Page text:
Grandmaternal DES and ADHD in Children

Dr Kioumourtzoglou‘s reply to comments in ref to “Association of Exposure to Diethylstilbestrol During Pregnancy With Multigenerational Neurodevelopmental Deficits“, 2018

We appreciate the interest that Drs Ryan and Smith and Dr Costas have expressed in our article.

Drs Ryan and Smith raise the issue of exposure misclassification and the potential problem of overreporting of grandmaternal diethylstilbestrol (DES) exposure by mothers whose children have attention-deficit/hyperactivity disorder (ADHD).

First, we were not clear in the article, but the κ of 0.74 for nurse and grandmother reporting was specific for DES.

We also found that the DES-specific κ value did not vary by ADHD status.

Concern for biased recall does need to be considered, and our results should indeed be interpreted cautiously, while hopefully spurring more work in this area.

That said, some aspects of our study differ from the military study Drs Ryan and Smith reference.

When the nurses reported their mothers’ DES exposure (1993), there had been no human studies of any third-generation effects and possibly only 1 mouse study of tumors. Thus, the level of attention to potential anthrax effects on those directly exposed was not there for third-generation DES effects in 1993.

In addition, the nurses were not queried about ADHD in their children until, at earliest, 12 years after the question about their mothers’ DES exposure (2005). So the possibility of priming the nurse to think about a possible DES-ADHD association by asking about exposure and outcome at the same time was avoided.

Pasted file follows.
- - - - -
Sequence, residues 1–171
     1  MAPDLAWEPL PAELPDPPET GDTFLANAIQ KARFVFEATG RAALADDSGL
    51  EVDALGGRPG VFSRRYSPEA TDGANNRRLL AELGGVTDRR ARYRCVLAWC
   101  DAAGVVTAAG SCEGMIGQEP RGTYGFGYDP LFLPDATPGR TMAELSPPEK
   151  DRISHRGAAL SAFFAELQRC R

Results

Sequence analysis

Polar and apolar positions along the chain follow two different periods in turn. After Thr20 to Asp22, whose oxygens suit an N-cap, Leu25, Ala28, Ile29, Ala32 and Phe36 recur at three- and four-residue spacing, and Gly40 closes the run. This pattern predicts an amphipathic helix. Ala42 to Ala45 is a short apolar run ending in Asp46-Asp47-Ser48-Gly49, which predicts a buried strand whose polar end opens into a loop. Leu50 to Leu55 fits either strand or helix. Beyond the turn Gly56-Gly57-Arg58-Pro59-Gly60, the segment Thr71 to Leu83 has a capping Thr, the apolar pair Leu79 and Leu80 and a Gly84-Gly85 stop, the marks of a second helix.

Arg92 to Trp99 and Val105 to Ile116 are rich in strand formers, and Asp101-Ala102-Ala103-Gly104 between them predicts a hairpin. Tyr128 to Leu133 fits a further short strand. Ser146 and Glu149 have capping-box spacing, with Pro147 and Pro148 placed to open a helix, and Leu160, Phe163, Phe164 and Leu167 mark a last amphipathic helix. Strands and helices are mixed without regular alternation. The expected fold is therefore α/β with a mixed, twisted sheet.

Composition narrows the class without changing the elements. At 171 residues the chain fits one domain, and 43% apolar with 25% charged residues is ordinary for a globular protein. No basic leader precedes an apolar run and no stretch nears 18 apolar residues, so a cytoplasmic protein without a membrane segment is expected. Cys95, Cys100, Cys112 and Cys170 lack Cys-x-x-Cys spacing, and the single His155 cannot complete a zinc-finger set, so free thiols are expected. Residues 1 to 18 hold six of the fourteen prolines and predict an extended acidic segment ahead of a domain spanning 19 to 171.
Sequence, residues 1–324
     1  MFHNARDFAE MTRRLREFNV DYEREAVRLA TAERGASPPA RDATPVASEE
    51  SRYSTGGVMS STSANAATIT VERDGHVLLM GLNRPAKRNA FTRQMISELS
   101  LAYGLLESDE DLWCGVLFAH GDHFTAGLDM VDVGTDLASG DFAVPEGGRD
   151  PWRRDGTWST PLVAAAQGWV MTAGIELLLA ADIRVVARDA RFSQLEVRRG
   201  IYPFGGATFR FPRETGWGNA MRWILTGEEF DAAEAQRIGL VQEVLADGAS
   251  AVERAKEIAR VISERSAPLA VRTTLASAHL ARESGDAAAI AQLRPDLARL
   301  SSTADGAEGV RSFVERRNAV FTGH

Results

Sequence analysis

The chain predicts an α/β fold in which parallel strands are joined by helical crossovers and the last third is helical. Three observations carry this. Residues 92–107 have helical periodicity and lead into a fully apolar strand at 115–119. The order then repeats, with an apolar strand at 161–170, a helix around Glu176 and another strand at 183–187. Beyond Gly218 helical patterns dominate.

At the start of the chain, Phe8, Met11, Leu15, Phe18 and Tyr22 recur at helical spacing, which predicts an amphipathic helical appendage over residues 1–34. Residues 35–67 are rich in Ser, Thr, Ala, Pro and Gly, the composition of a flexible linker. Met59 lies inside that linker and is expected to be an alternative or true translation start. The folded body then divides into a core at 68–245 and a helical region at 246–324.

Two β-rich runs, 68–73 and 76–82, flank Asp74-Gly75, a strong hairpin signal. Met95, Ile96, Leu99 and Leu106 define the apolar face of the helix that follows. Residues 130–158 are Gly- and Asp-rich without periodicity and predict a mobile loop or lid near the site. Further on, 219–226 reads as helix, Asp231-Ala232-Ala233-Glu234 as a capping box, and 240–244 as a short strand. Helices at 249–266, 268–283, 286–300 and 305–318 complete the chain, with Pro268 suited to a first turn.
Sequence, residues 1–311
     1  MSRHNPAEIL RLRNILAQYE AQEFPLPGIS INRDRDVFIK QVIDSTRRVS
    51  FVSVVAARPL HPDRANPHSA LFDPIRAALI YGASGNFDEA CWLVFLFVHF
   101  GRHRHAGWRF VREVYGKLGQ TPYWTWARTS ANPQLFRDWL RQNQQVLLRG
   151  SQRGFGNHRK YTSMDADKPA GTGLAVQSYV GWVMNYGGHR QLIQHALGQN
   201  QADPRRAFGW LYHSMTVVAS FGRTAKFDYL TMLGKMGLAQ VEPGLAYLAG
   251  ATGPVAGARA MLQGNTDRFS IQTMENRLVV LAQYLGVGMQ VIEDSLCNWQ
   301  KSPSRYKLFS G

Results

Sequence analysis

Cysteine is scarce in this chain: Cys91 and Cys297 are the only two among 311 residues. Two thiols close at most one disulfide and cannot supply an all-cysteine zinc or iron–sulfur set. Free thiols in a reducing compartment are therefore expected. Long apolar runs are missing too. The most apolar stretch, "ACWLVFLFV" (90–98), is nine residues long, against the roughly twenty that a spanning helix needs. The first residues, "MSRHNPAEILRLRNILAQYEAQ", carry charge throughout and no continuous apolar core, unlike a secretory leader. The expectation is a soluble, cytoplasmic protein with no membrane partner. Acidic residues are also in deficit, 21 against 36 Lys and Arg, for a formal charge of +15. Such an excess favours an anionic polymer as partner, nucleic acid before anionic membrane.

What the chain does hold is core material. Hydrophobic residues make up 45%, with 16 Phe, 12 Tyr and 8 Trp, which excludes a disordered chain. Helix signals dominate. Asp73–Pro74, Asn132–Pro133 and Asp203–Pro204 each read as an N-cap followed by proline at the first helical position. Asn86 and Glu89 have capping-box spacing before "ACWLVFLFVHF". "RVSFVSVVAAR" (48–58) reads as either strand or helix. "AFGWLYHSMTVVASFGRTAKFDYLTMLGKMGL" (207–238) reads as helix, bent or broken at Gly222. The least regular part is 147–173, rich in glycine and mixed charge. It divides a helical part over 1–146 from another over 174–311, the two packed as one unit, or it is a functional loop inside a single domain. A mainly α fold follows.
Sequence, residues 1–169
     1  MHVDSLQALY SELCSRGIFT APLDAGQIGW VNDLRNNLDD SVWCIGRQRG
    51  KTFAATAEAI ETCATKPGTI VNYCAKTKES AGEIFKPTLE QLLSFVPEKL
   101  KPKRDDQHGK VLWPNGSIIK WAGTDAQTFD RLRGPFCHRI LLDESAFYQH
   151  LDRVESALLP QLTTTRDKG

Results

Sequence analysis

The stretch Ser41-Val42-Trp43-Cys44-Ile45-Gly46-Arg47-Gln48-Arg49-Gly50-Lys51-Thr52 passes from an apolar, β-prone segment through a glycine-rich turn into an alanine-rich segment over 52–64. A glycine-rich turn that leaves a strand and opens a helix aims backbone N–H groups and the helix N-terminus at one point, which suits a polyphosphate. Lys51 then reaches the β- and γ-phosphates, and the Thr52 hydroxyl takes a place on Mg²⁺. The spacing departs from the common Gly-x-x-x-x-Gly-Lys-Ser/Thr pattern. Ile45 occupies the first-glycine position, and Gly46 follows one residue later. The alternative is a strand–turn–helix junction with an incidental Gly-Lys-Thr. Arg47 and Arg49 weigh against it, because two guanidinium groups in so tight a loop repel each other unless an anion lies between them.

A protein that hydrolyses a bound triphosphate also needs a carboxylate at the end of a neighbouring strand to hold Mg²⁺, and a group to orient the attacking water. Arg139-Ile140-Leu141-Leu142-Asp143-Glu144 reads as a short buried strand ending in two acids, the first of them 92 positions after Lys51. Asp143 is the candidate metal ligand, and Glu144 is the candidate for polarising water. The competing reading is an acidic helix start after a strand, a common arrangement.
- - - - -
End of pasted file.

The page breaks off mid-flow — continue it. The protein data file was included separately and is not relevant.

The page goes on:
Additionally, the specificity of elevated effects in the first trimester would argue against recall bias. In our models, we simultaneously included terms for unknown trimester DES exposure and exposure in other trimesters as a check for confounding, which also works as a check for recall bias in this case.

Indeed, one might expect that nurses falsely recalling grandmaternal DES exposure would be more likely to report that they did not know the trimester of exposure, yet that group did not exhibit increased odds of ADHD.

In addition to these points, in responding to this letter we conducted the same analysis restricted to the 18 792 F0 women (42 097 F2 children) who provided information themselves about DES use during pregnancy with F1, instead of F1 reporting. In these analyses, we found virtually the same result, although with wider 95% CI as expected with the smaller numbers: adjusted odds ratio, 1.31 (95% CI, 1.00-1.71).



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